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The Diagnosis Of Kidney Stones

If you’ve never had a kidney stone, count yourself lucky as these tiny conglomerations of calcium and other compounds can make life extremely difficult.

The stones themselves are not actually stones, but most are rather a conglomeration of calcium and other compounds. They are formed in the kidneys and then must pass out of the kidneys and out of the body through the urethra. This process of movement from kidney to urethra can be extremely painful, although some small stones can pass without causing any significant discomfort.

The symptoms of a kidney stone typically include sharp pains in the back, around the area where the kidneys are located. Nausea and vomiting also might occur along with the pain. Pain during urination and blood in the urine are two other common symptoms of a kidney stone.

Your regular doctor typically can help you when you have these stones, or perhaps you will want to see a doctor that specializes in these types of issues – an urologist. The urologist can perform some tests that correctly determine whether or not you have a kidney stone or perhaps some other problem. An ultrasound machine can be used to help locate a kidney stone, and the ultrasound equipment is an excellent option because it is non-invasive and does not require that a patient be exposed to contrast dye or any radiation.

Generally, if the stone is small, your doctor will recommend increasing your fluid intake, and sometimes pain medicine will be prescribed or an over-the-counter pain medicine will be recommended. When it comes to fluids, water is the best choice, and some studies show that adding lemon juice to the water can be helpful. Avoid caffeinated beverages and alcoholic beverages as these cause dehydration, which is often a reason why stones are created in the first place.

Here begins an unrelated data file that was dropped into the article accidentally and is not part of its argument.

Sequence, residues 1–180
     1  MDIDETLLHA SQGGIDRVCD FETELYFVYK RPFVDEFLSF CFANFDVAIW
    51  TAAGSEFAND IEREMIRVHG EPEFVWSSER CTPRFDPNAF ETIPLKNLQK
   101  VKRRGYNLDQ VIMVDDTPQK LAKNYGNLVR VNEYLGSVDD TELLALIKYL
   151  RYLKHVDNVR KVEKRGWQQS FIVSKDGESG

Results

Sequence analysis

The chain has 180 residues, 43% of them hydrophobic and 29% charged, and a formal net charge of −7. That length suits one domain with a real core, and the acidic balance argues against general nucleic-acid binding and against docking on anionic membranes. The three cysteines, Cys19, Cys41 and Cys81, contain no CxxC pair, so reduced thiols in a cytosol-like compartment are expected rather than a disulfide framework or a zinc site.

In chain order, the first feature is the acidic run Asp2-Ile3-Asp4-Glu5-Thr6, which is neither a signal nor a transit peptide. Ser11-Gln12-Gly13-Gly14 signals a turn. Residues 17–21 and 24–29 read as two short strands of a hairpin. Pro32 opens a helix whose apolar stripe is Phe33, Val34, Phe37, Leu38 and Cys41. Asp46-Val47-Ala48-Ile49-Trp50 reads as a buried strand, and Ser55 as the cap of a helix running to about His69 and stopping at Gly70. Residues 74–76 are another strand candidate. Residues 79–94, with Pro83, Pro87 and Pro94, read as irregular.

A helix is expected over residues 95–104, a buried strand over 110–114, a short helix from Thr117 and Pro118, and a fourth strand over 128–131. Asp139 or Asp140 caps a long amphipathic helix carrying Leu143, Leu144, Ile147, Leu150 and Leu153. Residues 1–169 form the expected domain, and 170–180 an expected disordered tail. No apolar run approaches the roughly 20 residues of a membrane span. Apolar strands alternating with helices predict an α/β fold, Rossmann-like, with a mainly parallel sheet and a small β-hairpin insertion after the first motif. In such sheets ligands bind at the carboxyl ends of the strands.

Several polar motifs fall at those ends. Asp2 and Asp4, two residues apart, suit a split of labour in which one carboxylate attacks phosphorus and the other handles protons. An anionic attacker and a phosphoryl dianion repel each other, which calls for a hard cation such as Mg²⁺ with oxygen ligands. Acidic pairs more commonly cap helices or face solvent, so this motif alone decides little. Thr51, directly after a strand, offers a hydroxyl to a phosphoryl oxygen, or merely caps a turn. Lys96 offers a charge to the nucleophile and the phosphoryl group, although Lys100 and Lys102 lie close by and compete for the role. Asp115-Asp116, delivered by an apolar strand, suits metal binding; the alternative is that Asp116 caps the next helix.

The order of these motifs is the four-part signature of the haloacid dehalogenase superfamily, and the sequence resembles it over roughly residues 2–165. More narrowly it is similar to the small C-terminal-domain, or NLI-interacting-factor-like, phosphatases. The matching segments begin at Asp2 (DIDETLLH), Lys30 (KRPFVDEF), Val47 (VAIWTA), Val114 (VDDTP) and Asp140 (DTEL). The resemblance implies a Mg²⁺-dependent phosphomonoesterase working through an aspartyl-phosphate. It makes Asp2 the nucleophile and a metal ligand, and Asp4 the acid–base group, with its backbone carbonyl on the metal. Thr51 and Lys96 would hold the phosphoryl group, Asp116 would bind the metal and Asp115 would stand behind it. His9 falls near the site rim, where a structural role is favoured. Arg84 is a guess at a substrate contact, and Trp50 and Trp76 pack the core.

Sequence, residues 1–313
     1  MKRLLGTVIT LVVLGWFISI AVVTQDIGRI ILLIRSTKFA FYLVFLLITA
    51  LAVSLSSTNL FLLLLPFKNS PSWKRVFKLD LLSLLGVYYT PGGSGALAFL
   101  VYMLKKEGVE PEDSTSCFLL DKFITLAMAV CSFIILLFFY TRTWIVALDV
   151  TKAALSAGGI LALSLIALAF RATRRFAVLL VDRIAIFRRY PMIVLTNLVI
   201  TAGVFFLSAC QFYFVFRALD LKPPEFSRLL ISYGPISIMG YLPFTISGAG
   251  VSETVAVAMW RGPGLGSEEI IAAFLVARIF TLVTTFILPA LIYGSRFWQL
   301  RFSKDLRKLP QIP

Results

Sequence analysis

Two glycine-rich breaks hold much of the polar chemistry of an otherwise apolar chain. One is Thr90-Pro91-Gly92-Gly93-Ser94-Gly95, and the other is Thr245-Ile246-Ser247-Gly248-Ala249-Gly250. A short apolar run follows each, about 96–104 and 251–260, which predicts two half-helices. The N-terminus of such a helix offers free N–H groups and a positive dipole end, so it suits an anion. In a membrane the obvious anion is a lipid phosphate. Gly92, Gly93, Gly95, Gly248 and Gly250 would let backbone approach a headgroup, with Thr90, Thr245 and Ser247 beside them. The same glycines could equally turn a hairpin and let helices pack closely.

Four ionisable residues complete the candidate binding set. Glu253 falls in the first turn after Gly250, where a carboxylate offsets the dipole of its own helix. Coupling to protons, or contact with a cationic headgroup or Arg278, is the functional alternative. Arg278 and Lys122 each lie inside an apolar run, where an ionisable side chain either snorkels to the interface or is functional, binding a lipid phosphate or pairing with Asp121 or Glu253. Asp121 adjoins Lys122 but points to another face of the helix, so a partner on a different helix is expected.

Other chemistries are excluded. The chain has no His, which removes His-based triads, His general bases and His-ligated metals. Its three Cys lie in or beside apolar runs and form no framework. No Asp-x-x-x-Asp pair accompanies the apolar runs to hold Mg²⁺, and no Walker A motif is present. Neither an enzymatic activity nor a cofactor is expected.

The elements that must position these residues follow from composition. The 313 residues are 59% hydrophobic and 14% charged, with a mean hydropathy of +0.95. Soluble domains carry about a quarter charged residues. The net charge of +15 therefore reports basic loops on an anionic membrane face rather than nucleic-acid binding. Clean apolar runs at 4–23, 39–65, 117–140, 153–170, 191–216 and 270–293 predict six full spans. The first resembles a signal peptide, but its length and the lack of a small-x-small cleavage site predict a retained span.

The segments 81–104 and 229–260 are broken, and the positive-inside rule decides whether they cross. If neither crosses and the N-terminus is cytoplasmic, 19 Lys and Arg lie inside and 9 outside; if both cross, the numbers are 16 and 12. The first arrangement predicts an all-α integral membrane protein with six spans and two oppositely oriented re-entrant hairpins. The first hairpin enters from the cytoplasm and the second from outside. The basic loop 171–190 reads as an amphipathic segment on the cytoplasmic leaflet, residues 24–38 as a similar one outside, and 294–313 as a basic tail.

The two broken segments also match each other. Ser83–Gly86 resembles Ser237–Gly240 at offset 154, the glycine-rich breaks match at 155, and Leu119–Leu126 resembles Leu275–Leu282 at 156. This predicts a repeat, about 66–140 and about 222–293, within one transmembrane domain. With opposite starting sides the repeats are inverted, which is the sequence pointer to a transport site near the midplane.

For larger stones that cannot pass out of the body, medical intervention might be necessary. One procedure, known as shock wave lithotripsy, involves crushing the stone in order to make the pieces small enough to pass through the body easily. Ureteroscopy is another common procedure where a doctor uses a scope to find the stone and either remove it or perhaps use a laser to break it into passable-sized pieces. In some cases, more invasive surgery might be needed, although most stones can be managed without surgery.

Be sure to keep the pieces of the stones you pass and give them to your doctor for analysis. While most stones are calcium based, there are cystine stones, uric acid stones and struvite stones. Knowing the type of stone you have can make it easier to avoid the formation of stones in the future.

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